POLITICS

A Snarling, Growling Jacob Zuma Goes On The Offensive

The president and his cronies have been stung by Jacques Pauw's book. We shouldn't put anything past him.

03/11/2017 18:42 SAST | Updated 03/11/2017 18:42 SAST
Tafelberg Publishers

ANALYSIS

There was something ominous and scary about President Jacob Zuma's appearance in the National Assembly on Thursday afternoon.

He had a dangerous, snarling air about him when he spoke during the quarterly parliamentary question-and-answer session. He was on the front foot and aggressive. It was a different Zuma, who as usual dodged questions and dismissed the opposition's demands for accountability: the laugh was still there, but this time he was threatening, growling.

Here was a man under extreme pressure, with his network of patronage and rent-seeking unravelling, but secure in the knowledge that he commands a committed praetorian guard who will mobilise state institutions in his defence.

Zuma was wearing a new, expensive and shiny three-piece suit, complete with a purple silk handkerchief in his jacket's breast pocket. The Malusi Gigaba-like bespoke outfit was a departure from his often ill-fitting suits, standard-issue for senior civil servants. Here was a man under extreme pressure, with his network of patronage and rent-seeking unravelling, but secure in the knowledge that he commands a committed praetorian guard who will mobilise state institutions in his defence.

Then the president said something quite remarkable, and in hindsight, prescient. After batting away questions about Jacques Pauw's book ("The President's Keepers") he leaned forward and with reference to calls for an inquiry into state capture said: "There's been too much talk about corruption... Those who are calling for it, [are] going to regret it."

On Friday Pauw and his publishers, NB Publishers, were served with a four-page letter from law-firm Kgoroeadira Mudau Inc. demanding that the book be removed from all bookshelves countrywide and that the publishers stop printing and distributing copies. The firm is acting on behalf of the State Security Agency (SCA), which under former political head David Mahlobo has seemingly become Zuma's most trustworthy state institution.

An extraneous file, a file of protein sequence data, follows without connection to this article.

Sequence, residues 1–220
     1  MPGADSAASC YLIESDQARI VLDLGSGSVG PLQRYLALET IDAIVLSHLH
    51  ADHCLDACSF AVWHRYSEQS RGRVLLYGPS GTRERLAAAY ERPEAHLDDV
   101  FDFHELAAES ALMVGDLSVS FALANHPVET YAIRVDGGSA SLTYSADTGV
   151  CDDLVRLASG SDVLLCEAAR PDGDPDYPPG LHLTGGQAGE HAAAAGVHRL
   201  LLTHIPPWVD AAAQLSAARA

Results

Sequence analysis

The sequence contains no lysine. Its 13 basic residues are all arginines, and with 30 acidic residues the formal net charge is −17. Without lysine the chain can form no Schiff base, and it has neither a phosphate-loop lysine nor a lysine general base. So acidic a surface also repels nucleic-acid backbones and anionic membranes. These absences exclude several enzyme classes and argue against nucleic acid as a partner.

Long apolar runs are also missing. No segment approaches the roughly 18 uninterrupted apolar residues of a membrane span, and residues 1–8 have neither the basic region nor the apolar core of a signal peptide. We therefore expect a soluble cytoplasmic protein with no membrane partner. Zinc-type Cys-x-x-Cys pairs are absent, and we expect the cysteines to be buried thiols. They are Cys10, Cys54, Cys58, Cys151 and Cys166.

Zuma has been acting with impunity for years, with no legal or political repercussions for his actions.

The spooks argue that the book's revelations expose the inner workings of the spy agency and "compromises the security of the state". Pauw alleges in his book that Arthur Fraser, current director-general of the SSA and the country's top spy, was involved in massive fraud and corruption during a previous stint at the institution and that he was supposed to have established a "parallel intelligence structure". It also seems that Fraser was instrumental in helping to force the National Prosecuting Authority (NPA) to drop the corruption charges against Zuma in 2009. Pauw describes Fraser as "untouchable".

Zuma has been acting with impunity for years, with no legal or political repercussions for his actions. The ANC and its leaders have repeatedly cowered and whimpered before Zuma's power. On Thursday it plumbed new depths, issuing a North Korean-like, sycophantic statement praising a Zuma for his "undeterred commitment to account to the people of South Africa". Democratic institutions, like the Public Protector and the SA Revenue Service (SARS), have been neutered and blocked from fulfilling their mandate.

The president is feeling the heat -- of that there is no doubt. He has been enormously successful in maneuvering his keepers (to quote Pauw) into key positions and preventing the type of investigation Robert Mueller is conducting into President Donald Trump's affairs. But international pressure is starting to bite, with a US department of justice investigation proceeding and British authorities also looking at the affairs of Zuma's friends.

It is also no certainty that Zuma's preferred candidate to succeed him as ANC leader will emerge victorious from the ANC's Nasrec conference in less than seven weeks' time. This means Zuma is cornered and dangerous and he will stop at nothing to ensure his safety and survival. The manner in which the SSA has threatened Pauw and his publisher is reminiscent of a command state where goose-stepping securocrats protect the commissariat from dissidents and rabble-rousers.

We can put nothing past Zuma now. All options for survival are on the table: a state of emergency, martial law, the suspension of habeas corpus or the postponement of the ANC's elective conference.

Zuma and his outriders have been stung by Pauw's book. As Barry Bateman from Eyewitness News tweeted: "We know then that Pauw is bang on the money".

Neither Zuma, the Hawks or he NPA have lifted a finger to investigate state capture. But the SSA wants to come down on a journalist and a publishing house with a sledgehammer because of a book.

We can put nothing past Zuma now. All options for survival are on the table: a state of emergency, martial law, the suspension of habeas corpus or the postponement of the ANC's elective conference.

This is a man who has no regard for the history of his own party, who has repurposed the state for his own ends and who shows scant regard for transparency and the spirit and rule of law. He is capable of anything.